He’d put the torch on a nearby crate to unbar the door, and as he snatched it up the slim beam slid across something huddled in the corner behind a stack of crates, an emaciated form crouched on stick-thin limbs. He screamed aloud and staggered away, the back of his legs colliding with a crate and sending him tumbling backwards.

The torch dropped to the floor, revealing the stack of crates and an empty corner.

He considered turning back, getting out of this terrible place before it drove him insane. He retrieved the torch, thankful that it hadn’t broken, and shone it on the closed door through which he’d entered. It seemed a mile away. No, to retreat through that oppressive darkness was unthinkable.

Come to think of it, hadn’t he left the door ajar? If so, why was it closed now?

‘Old houses,’ he whispered, shaking his head. The whole fucking place was probably listing. More than likely it was fit to collapse at any moment.

‘Fuck it.’ The loudness of his voice in the empty ranch surprised him, shocked him even. Unwilling to linger any longer in the lightless hell of the connecting building, he eased the door before him open and stepped through.

Jake flashed the torch across the walls and drew in a sharp breath, pressing himself against the door. A long, lupine skull snarled down at him from a hook above the window. On a three-legged table in the center of the room, the fleshless head of a great elk gazed impassively past him with empty eye sockets the size of snooker balls. Something brushed his shoulder, causing his heart to flutter like a trapped bird; a string of tiny, avian-looking skulls hanging from the doorframe.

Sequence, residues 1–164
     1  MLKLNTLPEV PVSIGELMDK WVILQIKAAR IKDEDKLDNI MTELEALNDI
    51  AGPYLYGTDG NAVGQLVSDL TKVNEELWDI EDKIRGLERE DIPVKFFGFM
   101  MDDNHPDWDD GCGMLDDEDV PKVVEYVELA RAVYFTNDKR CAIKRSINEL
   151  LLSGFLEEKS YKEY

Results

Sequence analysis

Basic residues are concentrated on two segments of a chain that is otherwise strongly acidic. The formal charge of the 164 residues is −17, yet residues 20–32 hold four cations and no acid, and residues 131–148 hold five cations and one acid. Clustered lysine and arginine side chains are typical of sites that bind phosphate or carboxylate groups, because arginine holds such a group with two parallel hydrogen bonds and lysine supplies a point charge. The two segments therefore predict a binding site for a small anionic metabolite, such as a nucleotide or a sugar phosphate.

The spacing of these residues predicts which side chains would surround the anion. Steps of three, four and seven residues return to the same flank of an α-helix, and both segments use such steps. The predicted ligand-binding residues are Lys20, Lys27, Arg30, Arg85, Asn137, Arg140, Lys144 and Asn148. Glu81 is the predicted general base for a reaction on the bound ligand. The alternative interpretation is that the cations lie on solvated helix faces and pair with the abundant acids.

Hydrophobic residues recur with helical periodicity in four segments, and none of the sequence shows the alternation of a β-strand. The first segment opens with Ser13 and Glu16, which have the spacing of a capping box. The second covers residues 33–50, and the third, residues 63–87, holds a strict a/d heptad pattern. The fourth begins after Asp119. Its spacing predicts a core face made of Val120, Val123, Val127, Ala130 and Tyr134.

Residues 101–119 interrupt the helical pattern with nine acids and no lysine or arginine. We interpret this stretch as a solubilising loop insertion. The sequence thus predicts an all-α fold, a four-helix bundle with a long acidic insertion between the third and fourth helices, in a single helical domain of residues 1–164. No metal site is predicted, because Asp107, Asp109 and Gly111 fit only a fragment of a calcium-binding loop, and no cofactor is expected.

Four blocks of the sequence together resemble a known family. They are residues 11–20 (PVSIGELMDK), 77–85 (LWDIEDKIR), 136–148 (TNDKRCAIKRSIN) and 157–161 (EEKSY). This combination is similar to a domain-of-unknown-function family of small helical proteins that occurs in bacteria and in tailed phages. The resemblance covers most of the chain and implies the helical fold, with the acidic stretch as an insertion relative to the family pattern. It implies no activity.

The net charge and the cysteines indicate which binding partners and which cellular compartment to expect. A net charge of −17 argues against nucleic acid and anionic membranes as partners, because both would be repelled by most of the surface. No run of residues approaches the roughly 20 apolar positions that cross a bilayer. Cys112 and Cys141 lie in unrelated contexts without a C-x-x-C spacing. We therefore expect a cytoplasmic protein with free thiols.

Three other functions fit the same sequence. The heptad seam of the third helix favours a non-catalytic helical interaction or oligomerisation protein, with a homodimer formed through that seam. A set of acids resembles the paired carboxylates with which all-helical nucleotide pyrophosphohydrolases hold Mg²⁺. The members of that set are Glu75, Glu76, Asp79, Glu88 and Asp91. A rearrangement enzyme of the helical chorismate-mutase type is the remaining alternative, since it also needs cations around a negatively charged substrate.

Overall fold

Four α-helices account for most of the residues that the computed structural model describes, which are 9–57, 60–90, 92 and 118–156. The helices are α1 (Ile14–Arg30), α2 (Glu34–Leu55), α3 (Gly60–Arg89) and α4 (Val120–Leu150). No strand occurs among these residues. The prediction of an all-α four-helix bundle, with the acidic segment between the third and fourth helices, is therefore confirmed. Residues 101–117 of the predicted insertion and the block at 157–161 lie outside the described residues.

In the corner to the left of the door, another of those curious piles of sticks and rags: this one was piled high and almost completely swathed in clothe, with only a two bone-white pieces of kindling protruding from the bottom. He gave it a wide birth as he moved into the room.

Then his gaze fell on the largest skull of them all, nailed above a lopsided doorway on the far side of the room: a monstrous boar, its snout ending in a pair of enormous yellowed tusks that curved upwards and out before turning back on themselves to point at the eye sockets. Dull snatches of light filtered through a small spot rubbed clean on the filthy window, throwing a dour grey blanket across the floor.